You could pray, or meditate, or dream, or visit a shaman, or a minister, or a hypnotherapist. With so many routes into inner consciousness, why write? Of all the ways to get in touch with God, as you understand God... to hear the small, still voice pointing you in the right direction... why take the time to write? One reason: it works. It works amazingly well. If you want to engage in a vibrant conversation with the wisdom that dwells just a hair below your conscious awareness, write. Write every day, at approximately the same time, with passion, honesty, and the intention of speaking with and listening to the voice within. Janet Conner was escaping a terrible situation of domestic abuse. While trying to figure out how she and her son could live and how they could eat, she realized she had hit rock bottom. With no other advisers, she listened to her own inner voice, which told her to start writing. As she did, Janet's inner voice gained clarity and strength, and she felt an incredible connection to the divine, and almost immediately miracles began to happen. Today, research scientists in psychology, physics, biochemistry, and neurology are providing peeks into what consciousness is and how it works. Their findings give us intriguing clues as to what is actually happening in and through our bodies, minds, and spirits as we roll pen across paper. Writing Down Your Soul explores some of this research and instructs readers how to access the power and beauty of their own deepest selves.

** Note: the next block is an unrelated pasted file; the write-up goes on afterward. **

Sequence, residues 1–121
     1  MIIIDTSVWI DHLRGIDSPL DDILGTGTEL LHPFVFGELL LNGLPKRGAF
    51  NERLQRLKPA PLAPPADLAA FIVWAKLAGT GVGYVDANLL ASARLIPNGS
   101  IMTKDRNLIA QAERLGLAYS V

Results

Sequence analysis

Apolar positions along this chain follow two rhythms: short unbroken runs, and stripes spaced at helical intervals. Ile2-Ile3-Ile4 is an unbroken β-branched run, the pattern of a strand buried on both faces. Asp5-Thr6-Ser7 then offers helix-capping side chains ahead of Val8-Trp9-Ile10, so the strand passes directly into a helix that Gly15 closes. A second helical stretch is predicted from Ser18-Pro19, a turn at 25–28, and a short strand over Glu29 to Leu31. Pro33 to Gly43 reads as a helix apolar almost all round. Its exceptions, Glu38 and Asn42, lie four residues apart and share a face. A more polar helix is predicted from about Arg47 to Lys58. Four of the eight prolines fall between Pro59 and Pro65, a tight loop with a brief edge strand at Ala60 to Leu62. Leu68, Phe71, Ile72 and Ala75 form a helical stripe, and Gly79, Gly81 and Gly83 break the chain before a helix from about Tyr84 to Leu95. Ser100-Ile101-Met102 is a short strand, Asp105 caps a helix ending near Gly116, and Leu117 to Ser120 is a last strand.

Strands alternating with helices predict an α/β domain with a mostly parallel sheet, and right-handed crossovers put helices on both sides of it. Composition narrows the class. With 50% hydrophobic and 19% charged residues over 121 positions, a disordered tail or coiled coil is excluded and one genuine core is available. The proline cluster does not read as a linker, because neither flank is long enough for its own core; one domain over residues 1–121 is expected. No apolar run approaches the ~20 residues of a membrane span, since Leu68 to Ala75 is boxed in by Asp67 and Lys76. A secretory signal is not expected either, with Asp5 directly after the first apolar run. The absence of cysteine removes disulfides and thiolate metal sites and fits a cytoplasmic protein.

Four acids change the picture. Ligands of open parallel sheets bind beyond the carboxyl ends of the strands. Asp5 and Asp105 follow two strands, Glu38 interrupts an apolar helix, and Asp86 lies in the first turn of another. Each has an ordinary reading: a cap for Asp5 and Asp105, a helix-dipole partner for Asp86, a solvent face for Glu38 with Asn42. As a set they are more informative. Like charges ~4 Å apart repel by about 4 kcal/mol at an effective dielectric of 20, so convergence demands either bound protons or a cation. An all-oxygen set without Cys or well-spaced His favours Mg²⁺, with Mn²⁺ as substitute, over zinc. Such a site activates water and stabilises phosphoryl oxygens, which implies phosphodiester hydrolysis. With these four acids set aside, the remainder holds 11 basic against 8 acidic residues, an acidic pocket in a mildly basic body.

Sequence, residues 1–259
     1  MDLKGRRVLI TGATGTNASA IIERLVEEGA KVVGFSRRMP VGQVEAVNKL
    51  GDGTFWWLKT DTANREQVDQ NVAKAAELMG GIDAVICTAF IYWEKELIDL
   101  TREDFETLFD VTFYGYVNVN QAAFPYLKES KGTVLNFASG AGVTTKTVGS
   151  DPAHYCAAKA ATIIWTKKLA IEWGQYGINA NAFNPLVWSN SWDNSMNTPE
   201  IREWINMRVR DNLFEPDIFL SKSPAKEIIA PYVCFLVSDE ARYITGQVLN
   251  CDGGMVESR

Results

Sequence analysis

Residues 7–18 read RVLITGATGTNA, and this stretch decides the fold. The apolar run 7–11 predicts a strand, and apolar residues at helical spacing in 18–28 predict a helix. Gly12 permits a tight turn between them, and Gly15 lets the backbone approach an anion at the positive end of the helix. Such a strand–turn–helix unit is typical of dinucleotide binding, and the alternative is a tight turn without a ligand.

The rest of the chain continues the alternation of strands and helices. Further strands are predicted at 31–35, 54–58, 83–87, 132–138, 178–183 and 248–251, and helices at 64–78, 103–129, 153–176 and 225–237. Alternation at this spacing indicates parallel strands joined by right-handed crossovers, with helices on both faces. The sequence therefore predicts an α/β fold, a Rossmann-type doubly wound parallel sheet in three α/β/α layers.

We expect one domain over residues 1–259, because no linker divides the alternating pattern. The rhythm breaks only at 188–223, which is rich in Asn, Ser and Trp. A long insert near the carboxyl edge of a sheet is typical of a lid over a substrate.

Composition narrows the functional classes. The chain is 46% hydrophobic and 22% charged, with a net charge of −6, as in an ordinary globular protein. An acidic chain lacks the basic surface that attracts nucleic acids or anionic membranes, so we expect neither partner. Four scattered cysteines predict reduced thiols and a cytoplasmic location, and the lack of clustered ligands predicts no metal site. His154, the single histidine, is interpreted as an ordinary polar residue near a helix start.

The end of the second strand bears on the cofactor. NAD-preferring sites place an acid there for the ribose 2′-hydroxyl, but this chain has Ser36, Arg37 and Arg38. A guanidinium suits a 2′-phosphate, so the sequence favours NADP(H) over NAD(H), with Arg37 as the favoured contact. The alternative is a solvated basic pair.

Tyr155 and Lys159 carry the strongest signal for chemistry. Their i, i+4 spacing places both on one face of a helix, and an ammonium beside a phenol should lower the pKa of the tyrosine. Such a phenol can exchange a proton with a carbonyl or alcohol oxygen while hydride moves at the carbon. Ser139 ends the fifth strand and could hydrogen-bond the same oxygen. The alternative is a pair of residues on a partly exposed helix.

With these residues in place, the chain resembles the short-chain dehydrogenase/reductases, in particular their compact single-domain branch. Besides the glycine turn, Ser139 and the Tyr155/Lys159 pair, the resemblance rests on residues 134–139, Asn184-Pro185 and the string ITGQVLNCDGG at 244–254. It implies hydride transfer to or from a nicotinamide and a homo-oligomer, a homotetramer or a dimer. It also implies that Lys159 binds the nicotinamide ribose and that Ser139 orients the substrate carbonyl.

Do you ever stop to wonder how you got where you are? The Q&A a Day Journal shows you what was going through your head each dayâfor five years of your life. Simply turn to todayâs date, answer the question at the top of the page, and when you finish the journal, start over. As you return to the daily questions again over the years, youâll notice how your answers change (or donât)! With questions that are sometimes provocative (âOn a scale of one to ten, how happy are you?â), occasionally quirky (âWhat can you smell right now?â), and inevitably interesting (âIf you could travel anywhere tomorrow, where would you go?â), this classically designed journalâembellished with beautiful detailsâis the perfect gift for anyone embarking on a new phase of life.
Meredith and Sofie Jacobs have been sharing a journal since Sofie was nine. They created this fun, fresh volume to help other moms and daughters get to know each other in a whole new way. Advice and thoughtful writing prompts pave the way to discussing everything from friends and school to crushes and growing up. Also includes pages for drawing pictures and making lists and plenty of free space for writing about whatever comes to mind. With perspectives from both generations and a hip look, this one-of-a-kind journal is a surefire hit with moms and girls alike!
Book Details:Format: PaperbackPublication Date: 11/1/1995Pages: 198